Can Your Money Manager Beat the S&P 500?

Consider this…

The last time the British rowing team won an Olympic gold was 1912!

To say they were average would have been an understatement.

It wasn’t money they were missing.

It wasn’t skill they were missing.

And it wasn’t strength they were missing.

But something was missing.

Then, something started to change for them. And the change was so simple that almost everyone dismissed it.  

So what was the one powerfully simple thing?

It was a question.

A question they started asking themselves daily for four straight years leading up to the Olympics in Sydney. The question:


The team created a one-question response to every single decision they would have to make in the four years leading up to the Olympics in Sydney.

One Question.

Winning gold is complicated. And yet, they developed a one-question strategy to win.

There were thousands of decisions collectively they had to make monthly to not only get to the qualifying rounds but also make it to the metal rounds. And then win.

Thousands of collective decisions over four years can lead to thousands small course changes that could lead them closer to or farther away from their goal.

So with every decision, every member of the team would ask themselves: WILL IT MAKE THE BOAT GO FASTER? If the answer came back “no”… then the decision was no.

  • Should I stay out late tonight and party with the ladies I just met at the pub…? Will it make the boat go faster?
  • Should I skip practice…? Will it make the boat go faster?
  • Should I order pizza or the veggie bowl…? Will it make the boat go faster?
  • Should I stay up all night binge-watching Netflix? Will it make the boat go faster?

Too simple? Too crazy? To easy?

Yes. To many a powerfully simple question sounds ridiculous. Solutions are just not that simple people will say.

Of course, the question alone didn’t help the Brits. They also had to implement. But what this one question did was lay down clarity. They always knew their next step.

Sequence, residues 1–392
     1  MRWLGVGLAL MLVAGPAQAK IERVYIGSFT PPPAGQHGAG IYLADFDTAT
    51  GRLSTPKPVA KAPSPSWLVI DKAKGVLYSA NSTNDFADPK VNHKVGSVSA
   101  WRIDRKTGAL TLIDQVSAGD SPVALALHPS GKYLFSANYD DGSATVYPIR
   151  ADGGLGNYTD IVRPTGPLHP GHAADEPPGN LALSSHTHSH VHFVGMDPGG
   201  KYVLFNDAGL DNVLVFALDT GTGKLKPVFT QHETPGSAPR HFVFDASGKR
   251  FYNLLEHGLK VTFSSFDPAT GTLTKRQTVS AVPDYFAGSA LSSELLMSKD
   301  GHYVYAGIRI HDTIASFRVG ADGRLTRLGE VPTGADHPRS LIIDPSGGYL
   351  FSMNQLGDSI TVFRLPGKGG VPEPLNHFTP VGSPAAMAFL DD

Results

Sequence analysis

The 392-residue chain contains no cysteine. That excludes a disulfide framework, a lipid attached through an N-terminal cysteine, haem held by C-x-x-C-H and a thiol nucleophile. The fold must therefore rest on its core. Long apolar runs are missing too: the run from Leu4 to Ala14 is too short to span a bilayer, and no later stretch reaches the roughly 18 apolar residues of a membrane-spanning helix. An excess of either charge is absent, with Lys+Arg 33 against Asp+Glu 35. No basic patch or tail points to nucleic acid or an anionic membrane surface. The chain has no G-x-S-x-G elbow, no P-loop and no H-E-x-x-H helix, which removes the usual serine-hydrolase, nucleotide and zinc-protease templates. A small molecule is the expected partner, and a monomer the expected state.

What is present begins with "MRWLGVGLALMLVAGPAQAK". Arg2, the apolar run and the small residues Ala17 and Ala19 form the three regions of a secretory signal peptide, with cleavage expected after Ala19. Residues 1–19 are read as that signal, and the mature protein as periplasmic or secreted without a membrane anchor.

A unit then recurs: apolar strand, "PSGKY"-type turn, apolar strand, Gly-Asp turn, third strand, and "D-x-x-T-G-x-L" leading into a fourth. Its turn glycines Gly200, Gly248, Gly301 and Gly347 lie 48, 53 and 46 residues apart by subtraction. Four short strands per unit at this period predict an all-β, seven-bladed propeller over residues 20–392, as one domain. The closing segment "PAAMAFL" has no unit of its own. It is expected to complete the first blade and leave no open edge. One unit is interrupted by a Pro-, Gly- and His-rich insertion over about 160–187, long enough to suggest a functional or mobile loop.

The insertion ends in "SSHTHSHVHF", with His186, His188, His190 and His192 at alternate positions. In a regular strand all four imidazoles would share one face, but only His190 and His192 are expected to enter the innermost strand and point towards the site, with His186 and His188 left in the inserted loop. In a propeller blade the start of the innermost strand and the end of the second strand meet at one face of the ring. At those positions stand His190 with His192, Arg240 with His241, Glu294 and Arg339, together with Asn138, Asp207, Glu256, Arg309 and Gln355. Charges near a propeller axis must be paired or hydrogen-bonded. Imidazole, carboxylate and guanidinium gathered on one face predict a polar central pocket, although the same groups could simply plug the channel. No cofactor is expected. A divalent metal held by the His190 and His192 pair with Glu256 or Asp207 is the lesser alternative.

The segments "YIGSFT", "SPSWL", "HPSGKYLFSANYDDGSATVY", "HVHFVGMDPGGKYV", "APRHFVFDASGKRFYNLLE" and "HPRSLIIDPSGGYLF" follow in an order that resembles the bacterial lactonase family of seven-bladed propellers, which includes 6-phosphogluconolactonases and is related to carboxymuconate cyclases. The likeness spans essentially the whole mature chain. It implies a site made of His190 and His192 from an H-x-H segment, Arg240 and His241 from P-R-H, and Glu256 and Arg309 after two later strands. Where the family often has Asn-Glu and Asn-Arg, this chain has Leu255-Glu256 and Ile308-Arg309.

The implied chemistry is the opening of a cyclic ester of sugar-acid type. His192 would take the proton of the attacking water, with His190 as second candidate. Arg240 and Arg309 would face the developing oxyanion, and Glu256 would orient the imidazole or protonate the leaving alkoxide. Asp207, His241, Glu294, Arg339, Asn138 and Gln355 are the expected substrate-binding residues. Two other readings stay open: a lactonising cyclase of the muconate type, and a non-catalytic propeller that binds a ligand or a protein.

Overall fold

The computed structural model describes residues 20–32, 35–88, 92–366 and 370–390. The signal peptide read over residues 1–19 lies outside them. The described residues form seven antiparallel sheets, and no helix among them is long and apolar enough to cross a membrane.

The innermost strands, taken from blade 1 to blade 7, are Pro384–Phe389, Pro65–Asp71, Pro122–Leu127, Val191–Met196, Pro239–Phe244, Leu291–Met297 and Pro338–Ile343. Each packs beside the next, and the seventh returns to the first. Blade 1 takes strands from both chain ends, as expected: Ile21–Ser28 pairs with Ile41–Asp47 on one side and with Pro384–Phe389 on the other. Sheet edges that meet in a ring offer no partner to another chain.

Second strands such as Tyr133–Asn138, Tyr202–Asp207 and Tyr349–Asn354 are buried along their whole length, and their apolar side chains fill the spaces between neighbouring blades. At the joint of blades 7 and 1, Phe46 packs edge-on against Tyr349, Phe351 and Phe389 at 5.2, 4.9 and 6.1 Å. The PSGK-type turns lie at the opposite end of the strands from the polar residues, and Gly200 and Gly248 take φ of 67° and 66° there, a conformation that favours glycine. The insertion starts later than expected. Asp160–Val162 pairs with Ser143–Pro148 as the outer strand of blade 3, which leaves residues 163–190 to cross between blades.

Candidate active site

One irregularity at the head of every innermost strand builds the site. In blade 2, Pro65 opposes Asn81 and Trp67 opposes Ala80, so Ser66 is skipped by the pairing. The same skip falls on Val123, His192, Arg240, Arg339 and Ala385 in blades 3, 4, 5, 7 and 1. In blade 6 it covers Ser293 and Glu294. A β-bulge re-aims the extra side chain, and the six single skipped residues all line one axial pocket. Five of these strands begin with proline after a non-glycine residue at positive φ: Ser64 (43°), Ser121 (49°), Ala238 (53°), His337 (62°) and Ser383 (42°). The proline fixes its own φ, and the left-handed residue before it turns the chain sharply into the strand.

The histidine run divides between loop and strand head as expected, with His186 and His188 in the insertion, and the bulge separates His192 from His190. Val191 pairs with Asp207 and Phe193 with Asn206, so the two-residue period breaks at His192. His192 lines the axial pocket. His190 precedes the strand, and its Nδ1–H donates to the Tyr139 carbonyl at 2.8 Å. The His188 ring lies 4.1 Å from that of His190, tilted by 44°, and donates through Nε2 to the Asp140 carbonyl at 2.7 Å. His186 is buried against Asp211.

It’s very hard to do the right thing over the course of four weeks, four years or four decades. So saying to yourself, “what’s the right thing?” isn’t that useful. 

And notice the Brits didn’t ask themselves that question? They weren’t asking about right or wrong. Their question was about making the boat go faster.

And that’s what the Brits did when faced with 1,000 of decisions they were confronted with each month.

They asked a powerfully simple question.

Are you asking powerfully simple questions about your financial adviser and/or money manager?

Just for a minute, let’s assume the most powerful question you might ask your adviser or money manager is:

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Will it beat the stock market?

  1. Your financial adviser has a nice office in a nice building with nice furniture… Will it beat the stock market?
  2. You like and trust your financial adviser… Will it beat the stock market?
  3. Your financial adviser diversifies your money… Will it beat the stock market?
  4. Your financial advisers uses terms like “risk adjusted returns,” “a normalizing interest rate environment,” “fair market value” and my favorite “alpha”… Will it beat the stock market?
  5. Your financial adviser competes on fees… Will it beat the stock market?

So please, please, please. Understand this point…

The questions you ask determine the future you live.

After speaking with thousands of investors, I’ve discovered most are not even aware of what questions are best to ask.

In fact the questions they are asking are more based on big-box marketing and investment ideas from the 1970s, 1980s and 1990s and less about what’s best for them.

The question I asked above, “Will it beat the stock market?” is one of the questions I help my clients answer. However, it’s not the most powerful question. The most powerful question is one I reserve exclusively for subscribers on my research.

You get it?

Better questions. NOT better answers.

How about you?

Do you know what questions to be asking to get the results and life you want? If not, we should talk.

In Your Corner,

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RC Peck, CFP

P.S.  And those Brits…? Did their boat go faster?

One powerfully simple question helped them win gold at the 2000 Olympics in Sydney.